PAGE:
Leading guided tours for mobs of Washington tourists
Thousands of interns walk the halls of of the Capitol every summer, and many are tasked with giving tours of Washington’s historic buildings to some of the District of Columbia’s millions of visitors. NPR took an amusing look inside the awkward arrangement this week, revealing that many of the facts dished out to summer campers and vacationing families are a bit off. (Don’t ask them when the Capitol burned down, for instance.)
Handling your money
Thinking of getting some banking done over the summer? Or looking for a loan approval? An intern could be responsible for your financial future—or your company’s. Internship programs such as the one at Bank of America include a summer analyst program for undergraduates to “participate in the underwriting of different credit deals.” Interns also could be helping staff your neighborhood bank. Cameron Ford, a recent college student, told ProPublica she interned as a bank teller and did work on loan deals.
Discovering prized snake fossils
Catalina Suarez Gomez was collecting fossils in a coal mine four years ago as an archaeological intern for the Smithsonian Tropical Research Institute. The five-person research group she worked in was thrilled to find about half of a 60-million-year-old skeleton belonging to Titanoboa, the world’s largest-known prehistoric snake, on a trip to the Cerrejón coal mine in Colombia.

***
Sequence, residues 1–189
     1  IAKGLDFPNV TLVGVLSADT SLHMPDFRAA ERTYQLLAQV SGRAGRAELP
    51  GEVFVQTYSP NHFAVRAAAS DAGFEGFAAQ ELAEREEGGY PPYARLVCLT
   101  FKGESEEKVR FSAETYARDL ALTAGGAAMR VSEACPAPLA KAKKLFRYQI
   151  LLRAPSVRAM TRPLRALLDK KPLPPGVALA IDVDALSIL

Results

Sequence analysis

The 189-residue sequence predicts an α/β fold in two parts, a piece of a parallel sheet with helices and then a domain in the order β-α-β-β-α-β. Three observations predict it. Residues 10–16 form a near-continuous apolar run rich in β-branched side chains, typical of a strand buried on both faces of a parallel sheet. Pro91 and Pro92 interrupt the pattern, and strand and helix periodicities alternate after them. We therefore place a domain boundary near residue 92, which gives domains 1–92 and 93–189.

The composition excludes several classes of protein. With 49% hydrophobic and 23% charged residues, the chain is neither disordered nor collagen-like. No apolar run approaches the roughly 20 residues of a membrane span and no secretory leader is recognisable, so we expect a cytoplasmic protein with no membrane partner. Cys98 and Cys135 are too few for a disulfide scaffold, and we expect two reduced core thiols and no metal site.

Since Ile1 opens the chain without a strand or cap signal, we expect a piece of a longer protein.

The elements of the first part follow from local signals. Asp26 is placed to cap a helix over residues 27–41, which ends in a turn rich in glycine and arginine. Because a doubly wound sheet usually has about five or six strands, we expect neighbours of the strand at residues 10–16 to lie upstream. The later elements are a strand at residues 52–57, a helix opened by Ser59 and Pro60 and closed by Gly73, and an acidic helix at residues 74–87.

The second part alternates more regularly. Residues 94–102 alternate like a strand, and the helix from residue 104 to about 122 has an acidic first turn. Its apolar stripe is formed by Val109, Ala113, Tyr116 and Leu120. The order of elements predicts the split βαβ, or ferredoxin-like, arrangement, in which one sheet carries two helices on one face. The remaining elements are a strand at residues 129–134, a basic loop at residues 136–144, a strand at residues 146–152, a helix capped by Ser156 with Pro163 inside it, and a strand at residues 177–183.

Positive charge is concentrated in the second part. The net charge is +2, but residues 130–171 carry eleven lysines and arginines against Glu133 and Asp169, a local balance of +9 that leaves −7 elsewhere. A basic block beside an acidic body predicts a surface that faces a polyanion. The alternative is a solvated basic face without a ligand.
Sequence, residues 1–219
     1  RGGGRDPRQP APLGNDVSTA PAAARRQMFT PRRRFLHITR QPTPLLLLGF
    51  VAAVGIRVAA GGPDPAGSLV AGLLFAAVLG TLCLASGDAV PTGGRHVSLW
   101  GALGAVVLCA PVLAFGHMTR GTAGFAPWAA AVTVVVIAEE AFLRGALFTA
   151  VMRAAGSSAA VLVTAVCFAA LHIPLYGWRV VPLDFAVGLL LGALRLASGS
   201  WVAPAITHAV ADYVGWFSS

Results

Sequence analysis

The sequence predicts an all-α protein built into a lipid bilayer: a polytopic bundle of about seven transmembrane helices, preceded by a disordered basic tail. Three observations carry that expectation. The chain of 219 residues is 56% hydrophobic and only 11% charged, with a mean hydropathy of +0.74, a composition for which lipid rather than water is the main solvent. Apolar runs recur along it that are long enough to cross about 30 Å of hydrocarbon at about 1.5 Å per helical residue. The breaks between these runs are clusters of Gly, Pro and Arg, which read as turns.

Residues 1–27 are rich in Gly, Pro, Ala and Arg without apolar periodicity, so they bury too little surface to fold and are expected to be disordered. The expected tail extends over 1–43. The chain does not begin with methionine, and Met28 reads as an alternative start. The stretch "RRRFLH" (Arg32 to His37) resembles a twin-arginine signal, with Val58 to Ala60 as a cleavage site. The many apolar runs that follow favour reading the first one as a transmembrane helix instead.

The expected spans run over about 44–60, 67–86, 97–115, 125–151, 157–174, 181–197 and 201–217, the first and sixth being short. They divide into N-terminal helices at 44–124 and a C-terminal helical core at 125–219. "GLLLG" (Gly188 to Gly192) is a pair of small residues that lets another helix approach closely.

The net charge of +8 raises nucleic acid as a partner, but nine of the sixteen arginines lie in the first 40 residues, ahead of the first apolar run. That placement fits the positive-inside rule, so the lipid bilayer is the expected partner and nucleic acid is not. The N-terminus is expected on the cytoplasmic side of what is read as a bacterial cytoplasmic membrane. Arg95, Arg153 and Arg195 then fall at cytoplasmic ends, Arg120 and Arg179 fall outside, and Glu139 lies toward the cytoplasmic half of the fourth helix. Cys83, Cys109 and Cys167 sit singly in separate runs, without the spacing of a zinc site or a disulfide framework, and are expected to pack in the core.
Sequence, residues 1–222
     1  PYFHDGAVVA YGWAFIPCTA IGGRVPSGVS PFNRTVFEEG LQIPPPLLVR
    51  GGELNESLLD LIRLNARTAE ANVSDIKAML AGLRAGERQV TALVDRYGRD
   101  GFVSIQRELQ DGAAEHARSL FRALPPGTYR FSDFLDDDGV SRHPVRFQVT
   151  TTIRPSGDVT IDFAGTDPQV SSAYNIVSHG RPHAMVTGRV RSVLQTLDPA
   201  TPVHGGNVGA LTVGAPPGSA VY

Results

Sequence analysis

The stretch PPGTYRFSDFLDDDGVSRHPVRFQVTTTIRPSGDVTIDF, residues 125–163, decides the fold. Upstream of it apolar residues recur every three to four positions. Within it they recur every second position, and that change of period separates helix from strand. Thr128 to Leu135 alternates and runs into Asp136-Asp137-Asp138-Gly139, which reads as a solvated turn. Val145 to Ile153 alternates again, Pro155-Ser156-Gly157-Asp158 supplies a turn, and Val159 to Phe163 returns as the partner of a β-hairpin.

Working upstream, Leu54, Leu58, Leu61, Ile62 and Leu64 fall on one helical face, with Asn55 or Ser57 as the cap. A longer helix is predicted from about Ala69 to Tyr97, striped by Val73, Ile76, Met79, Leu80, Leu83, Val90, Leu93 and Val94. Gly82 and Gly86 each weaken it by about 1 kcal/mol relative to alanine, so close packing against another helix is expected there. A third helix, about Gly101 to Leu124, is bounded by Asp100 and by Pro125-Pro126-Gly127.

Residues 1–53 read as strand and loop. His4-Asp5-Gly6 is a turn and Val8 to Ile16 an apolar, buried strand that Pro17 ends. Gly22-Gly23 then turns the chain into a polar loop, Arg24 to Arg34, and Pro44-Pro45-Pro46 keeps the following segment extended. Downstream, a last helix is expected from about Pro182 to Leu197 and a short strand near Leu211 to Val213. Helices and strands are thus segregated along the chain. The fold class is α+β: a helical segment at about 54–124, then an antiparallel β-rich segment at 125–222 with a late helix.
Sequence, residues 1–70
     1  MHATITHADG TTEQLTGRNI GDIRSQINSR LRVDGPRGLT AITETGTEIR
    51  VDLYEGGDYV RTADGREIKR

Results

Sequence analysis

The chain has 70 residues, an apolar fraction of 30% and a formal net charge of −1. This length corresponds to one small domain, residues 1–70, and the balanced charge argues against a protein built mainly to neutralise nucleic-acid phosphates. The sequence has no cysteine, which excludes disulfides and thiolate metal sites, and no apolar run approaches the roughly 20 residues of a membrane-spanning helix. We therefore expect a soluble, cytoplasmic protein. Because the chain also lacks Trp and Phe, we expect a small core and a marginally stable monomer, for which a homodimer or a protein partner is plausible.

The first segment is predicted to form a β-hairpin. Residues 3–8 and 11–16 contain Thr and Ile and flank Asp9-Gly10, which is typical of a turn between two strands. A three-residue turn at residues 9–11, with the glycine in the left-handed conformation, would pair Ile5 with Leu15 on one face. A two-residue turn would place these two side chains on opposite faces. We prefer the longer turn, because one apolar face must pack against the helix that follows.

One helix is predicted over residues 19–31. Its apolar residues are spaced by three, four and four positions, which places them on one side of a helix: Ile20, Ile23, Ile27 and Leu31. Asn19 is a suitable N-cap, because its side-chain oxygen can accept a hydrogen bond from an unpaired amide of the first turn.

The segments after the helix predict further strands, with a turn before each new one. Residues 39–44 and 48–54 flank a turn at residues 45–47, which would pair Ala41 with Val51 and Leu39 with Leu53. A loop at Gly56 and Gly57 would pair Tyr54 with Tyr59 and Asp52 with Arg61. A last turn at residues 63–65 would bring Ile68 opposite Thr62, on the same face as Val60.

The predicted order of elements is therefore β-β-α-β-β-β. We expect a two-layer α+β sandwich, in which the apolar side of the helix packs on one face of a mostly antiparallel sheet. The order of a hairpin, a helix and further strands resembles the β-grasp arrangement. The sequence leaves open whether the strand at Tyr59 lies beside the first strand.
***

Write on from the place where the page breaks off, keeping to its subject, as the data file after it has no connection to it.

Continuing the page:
Then Gomez realized the snake’s skull was under her feet. “My heart started beating so fast. I could not believe what I was seeing,” she says. Gomez says her having located the skull helped researchers determine the snake’s original dimensions (42 feet long and one ton, if you’re wondering).
Helping immigrants stay in the U.S.
Perhaps one of the highest-stakes decisions that could be made about your life is whether you can live in your chosen country. One instance plays a pivotal role for many immigrants to the U.S.. Kathleen Lewis, a senior at Johns Hopkins University, is interning this summer in New York for the Legal Aid Society. She works with immigrants trying to stay in the U.S. under the Deferred Action for Childhood Arrivals program, which allows people who came to the country as undocumented immigrants to defer deportation. Lewis and a second intern meet with clients and put together applications for those immigrants to obtain work permits. “You can tell it’s really important to these people to work,” she says.
Leading a fashion retailer into a foreign country
Don’t forget that it’s not just undergraduates filling intern slots but MBAs with established business chops, too. Nordstrom, called one of the 25 best companies for interns by Glassdoor.com, had MBA interns help the company enter the Canadian market, says Emily Romans, a public affairs specialist at the company. Interns also study store layouts and apparel sales to determine how items should be arranged. “These findings have been used to influence our store design and merchandising strategies,” Romans says.